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missing a point
We're getting some overreaction from people here that others have
commented on from time to time. To wit:
Dinogeorge wrote (02/07/96; 12:38p):
>The term "suprafamilial group" is far less specific than "superfamily."
>could denote a group of any Linnaean rank above family, such as order,
>class, or phylum.
Of course it's not very specific. Just what's needed here.
>Ornithomimosauroidea and Arctometatarsaliuroidea would be invalid
>superfamily names, because there are no genera named _Ornithomimosaurus_
I don't know about the rest of you, but I hurridly wrote my previous
posting out, because I have lots of other stuff to do. When people take
the trouble to respond to something I posted and a reply seems
appropriate, I feel I should. Yes, of course, GO is correct, and I could
see how the rule would be applied as soon as he reminded me a couple of
days ago. I know there are no such genera. Good lord, is this all you
Then, Stan Friesen wrote (02/07/96; 11:50a; after I wrote my last
>From: "King, Norm" <firstname.lastname@example.org>
>> RULES? RULES? I don't need no stinking rules!
>If you wish to present your structure as a real biological
>classification, using the established categories and formal names,
>than you had better follow the rules, or you will be lying to your
That was a joke. Didn't you see the movie?
>Simplifying for the public is one thing - but making false statements
>is quite another, and claiming that a Superfamily Arctometatarsalia
>exists is indeed a false statement.
>The peace of God be with you.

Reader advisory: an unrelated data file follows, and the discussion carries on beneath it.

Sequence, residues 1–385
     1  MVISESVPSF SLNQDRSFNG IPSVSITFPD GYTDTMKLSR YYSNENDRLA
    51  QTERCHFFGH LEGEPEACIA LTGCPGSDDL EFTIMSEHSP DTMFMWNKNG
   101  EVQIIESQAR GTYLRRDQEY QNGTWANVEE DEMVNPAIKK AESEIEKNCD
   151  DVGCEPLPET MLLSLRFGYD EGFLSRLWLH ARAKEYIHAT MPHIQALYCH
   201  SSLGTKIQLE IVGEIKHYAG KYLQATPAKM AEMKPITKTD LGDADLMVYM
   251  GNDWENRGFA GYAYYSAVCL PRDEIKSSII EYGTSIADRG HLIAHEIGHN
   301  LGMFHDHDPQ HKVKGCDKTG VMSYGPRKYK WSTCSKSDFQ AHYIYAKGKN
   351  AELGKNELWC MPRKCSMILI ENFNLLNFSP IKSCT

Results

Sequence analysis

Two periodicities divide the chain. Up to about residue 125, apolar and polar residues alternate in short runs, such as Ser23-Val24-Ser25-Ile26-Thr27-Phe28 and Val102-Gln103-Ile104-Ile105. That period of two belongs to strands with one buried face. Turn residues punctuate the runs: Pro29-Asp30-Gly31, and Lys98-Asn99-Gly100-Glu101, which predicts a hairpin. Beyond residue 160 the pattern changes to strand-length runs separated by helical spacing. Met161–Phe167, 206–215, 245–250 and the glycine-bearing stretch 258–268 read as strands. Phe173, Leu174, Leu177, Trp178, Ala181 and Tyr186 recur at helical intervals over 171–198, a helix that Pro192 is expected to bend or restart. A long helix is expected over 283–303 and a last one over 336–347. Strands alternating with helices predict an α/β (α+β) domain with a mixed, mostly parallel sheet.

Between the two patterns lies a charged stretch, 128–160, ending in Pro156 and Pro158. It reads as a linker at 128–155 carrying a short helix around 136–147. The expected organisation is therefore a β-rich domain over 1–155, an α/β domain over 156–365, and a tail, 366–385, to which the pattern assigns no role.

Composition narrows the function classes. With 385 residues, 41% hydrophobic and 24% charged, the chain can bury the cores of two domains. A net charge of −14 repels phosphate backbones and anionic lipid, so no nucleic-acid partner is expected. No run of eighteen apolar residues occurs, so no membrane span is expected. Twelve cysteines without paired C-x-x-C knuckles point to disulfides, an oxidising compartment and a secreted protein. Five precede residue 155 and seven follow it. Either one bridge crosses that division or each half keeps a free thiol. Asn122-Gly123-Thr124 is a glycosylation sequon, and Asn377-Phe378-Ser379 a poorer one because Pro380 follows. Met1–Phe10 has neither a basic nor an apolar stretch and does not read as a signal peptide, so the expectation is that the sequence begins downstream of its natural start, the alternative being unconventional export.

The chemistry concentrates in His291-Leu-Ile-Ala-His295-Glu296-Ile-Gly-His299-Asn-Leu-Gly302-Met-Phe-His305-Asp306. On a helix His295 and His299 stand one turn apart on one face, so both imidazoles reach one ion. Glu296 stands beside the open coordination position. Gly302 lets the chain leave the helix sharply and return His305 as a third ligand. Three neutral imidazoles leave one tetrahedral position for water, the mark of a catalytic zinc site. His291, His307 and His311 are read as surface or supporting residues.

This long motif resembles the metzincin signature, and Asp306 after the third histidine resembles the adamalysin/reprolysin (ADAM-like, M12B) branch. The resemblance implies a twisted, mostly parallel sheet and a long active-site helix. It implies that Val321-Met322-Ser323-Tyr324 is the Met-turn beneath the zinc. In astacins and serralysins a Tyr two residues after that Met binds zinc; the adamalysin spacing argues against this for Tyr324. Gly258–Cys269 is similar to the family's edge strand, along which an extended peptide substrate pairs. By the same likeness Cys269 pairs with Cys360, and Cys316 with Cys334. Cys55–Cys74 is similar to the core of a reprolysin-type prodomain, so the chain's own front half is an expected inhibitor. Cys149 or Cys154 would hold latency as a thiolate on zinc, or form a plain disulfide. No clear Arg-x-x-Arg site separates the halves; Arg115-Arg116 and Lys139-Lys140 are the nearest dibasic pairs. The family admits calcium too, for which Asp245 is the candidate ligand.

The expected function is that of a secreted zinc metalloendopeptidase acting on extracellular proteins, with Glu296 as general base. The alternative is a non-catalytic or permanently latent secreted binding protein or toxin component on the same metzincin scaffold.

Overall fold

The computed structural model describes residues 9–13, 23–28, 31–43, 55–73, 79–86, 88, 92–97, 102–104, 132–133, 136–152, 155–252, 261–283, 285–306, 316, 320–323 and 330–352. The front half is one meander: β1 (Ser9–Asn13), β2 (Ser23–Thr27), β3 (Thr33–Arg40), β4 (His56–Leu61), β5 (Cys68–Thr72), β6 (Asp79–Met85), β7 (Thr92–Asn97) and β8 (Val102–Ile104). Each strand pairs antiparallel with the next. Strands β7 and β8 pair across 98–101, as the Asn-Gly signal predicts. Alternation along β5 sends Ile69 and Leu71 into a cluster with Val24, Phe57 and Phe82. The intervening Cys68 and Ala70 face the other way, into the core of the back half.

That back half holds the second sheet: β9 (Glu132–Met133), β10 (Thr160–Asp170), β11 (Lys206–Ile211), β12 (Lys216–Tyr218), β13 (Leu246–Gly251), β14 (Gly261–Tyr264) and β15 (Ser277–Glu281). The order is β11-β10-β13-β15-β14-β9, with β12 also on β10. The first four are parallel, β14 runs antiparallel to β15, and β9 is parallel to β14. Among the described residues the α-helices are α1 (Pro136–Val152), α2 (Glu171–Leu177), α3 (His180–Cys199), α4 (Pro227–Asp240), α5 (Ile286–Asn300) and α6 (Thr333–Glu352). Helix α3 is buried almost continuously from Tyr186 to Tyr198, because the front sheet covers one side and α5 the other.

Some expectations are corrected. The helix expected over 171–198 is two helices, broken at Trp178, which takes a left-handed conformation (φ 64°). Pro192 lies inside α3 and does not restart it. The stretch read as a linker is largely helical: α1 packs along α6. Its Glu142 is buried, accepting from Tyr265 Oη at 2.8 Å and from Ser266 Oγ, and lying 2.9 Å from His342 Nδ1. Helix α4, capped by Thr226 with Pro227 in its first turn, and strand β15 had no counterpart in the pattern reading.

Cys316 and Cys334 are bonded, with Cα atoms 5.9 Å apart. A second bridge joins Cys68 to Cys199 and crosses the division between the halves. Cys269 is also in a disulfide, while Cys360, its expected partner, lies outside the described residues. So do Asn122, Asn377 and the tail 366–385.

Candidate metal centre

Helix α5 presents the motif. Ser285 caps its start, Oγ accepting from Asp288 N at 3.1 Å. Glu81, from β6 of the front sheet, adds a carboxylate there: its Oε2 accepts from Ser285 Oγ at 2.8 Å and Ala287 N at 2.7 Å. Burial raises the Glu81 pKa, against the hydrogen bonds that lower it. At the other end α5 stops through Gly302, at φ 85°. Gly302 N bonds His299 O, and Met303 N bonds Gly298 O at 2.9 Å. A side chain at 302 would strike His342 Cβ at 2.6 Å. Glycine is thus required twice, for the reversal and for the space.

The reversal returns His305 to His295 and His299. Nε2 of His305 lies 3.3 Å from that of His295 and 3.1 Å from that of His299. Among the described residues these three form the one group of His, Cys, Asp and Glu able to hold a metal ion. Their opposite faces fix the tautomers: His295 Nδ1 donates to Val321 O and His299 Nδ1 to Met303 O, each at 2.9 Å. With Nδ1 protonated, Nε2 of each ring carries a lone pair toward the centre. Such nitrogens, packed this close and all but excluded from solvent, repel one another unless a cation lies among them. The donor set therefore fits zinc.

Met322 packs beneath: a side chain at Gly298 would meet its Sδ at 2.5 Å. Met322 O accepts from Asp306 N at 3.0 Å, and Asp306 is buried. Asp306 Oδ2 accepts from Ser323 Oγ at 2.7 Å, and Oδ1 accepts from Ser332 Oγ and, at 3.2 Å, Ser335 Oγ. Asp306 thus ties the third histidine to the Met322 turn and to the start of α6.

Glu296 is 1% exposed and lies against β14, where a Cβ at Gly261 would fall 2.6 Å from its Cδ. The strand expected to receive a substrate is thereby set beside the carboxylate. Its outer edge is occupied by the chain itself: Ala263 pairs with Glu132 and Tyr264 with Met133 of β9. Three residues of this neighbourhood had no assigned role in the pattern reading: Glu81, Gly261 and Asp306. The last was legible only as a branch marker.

Lying? Making false statements. Geez!--I've already shown that I want
to get it correct. That's why I laid it out for comments. I hope I have
a solution that is correct AND understandable for a reasonably
intelligent layperson. I can't believe you put "The peace of God be with
you" after that. I hope YOU find it! Loosen up, man!
NOW, FOR "MISSING A POINT:"
We all know that the American public is turned off and tuned out about
science. I can tell you that mentioning every detail, using just the
right word, quibbling over taxonomic boundaries, accusing people of
purposeful misrepresentation--and making a big deal out of all of
that--is not going to endear a paleontologist, or the science of
paleontology, to the public. It'll downright turn them off. They wonder
what could be more trivial. Not only that, but the vocabulary is almost
unpenetrable. They won't even try.
But I think that this stuff ought to be accessible for everyone. Yes,
EVERYONE! It's interesting. It's even kind of fun. Let's bring some
more people out there along with us. I'm not sure what you guys are
wanting me to do, but I'm not going to become someone who will make
people say: "What kind of a science is paleontology?," or "What happened
to this guy on the way to becoming a scientist?" that made him this way?
And then "I'm not like that, so guess I'll do something else!" They
don't think much of people who can get so uptight about all this. The
reaction goes something like, "GET A LIFE!"
We don't need to start teaching cladistics of ICZN rules in middle
school. We also don't need it in a college course for general science
students (I talk about both, nevertheless--how else could you explain
_Brontosaurus_ or why some people consider birds to be dinosaurs?). If
you think this is important to the world at large, you're simply out of
I hope I can ask for more opinions on this stuff here, because I want to
incorporate the latest word, and translate it (correctly!) to my
audience. I'm aware that even _The Dinosauria_ is out of date, and isn't
even necessarily authoritative on a lot. If you all are bothered by my
inquiries, and would rather clutter the list with jokes about sauropod
gasbags, I'll go away. I thought that what I'm trying to use this list
for would be an idealistically good use for it.
Can't wait to read the responses to this. I really hope that only a few
of you out there have been troubled(!) by my postings.
Does someone have a reference on just what muscles were attached to the
theropod pubic boot, and what function they had?
Norman R. King tel: (812) 464-1794
Department of Geosciences fax: (812) 464-1960
University of Southern Indiana
8600 University Blvd.
Evansville, IN 47712 e-mail: email@example.com